She has seen other farmstalls come and go, and distinguishes herself from many of them by the care with which she stocks her shelves – you won’t find stuff here that you can buy at Pick n Pay. Ilza has hand-picked her suppliers, providing space to local and unique products that you won’t find here, there and everywhere.
The secret with the Napier Farmstall is to take the time to look around. Because it can feel a little like sensory overload when you first walk in. The space in which you find yourself is small. Angularly arranged wooden tables, bicycles, shelves filled with enticing products, bread baskets overflowing with just-baked in the oven out back signature country-style loaves (one of which I quickly nab before they all disappear), pitch forks, picture frames, storm lanterns and blackboards advertising today’s fare all jostle for your attention.
And people keep pouring in. It’s a rather windy, cold day for April, hence most of us are forced to sit inside. Usually the tables and benches outside are more popular, but I’m more than content to savour my homemade chicken soup (literally made for the soul) towards the back of the shop. There is still space in which to manoeuvre and Ilza is a wonderful hostess.
People are seated easily and quickly, food appears as if by magic, music plays softly in the background, and everyone’s happy.
Our chicken soup, served with homemade country-style bread, and the chicken pie are exceptional food. It is not often that you taste real home-style food, so that when it comes to eating it, it tastes as if your mother made it, but this food is exactly that. And on a cold autumn afternoon, there is nothing quite so good as chicken soup!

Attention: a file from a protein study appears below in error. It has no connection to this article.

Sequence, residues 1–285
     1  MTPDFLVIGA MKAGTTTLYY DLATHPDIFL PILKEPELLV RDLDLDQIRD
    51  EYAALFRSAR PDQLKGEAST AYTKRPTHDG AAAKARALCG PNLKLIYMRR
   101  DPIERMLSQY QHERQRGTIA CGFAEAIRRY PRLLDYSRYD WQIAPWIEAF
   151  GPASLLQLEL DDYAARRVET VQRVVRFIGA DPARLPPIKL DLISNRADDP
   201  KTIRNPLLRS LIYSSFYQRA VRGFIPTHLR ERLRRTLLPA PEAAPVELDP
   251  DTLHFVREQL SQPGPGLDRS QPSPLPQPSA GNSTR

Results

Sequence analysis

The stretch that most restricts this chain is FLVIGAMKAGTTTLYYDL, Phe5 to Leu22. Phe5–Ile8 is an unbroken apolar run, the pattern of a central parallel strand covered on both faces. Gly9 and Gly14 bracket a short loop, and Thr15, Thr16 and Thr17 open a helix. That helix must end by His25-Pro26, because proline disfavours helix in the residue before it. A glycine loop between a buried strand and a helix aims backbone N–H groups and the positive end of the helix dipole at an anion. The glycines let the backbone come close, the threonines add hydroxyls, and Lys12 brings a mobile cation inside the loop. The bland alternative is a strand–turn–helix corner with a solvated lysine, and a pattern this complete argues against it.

And the bread is incredible. It’s safe to say that I’m a bread fanatic. I bake my own, and only buy from artisan bakeries. But this bread, despite being totally unpretentious, is delicious. Ilza tells me that they’ve now set up a bakery in the barn out back.
“It used to function as a theatre, for a while, but that didn’t work, so now Daniel with a French surname, who is a professional patisserie, is using the premises to bake for the Biscuit Mill in Cape Town where he has a stall, and for the farmstall”.
Although the bread is her original recipe, one with which she’s stayed, it’s been so good.
As we chat the background music subtly gives way to the day’s live jazz performance, played on both a violin and a muted trumpet, by a thoroughly laid-back musician with a hole in the knees of his jeans, who, when he catches your eye, mumbles the title of the tune he’s about to play and smiles whimsically – it’s rather endearing. You get a lot more than just a meal at the Napier Farmstall, that’s for sure.
Other tempting mouthfuls you can find at the Napier Farmstall: jams, honey, vinegars, oils, any number of preserves, home-made quiches, pies, meringues, and to-die-for eclairs supplied by someone local in town.
Useful Napier Links
- Napier Attractions
- Things to Do in Napier
- Napier Photographs
- Cape Agulhas Accommodation
- Accommodation in Western Cape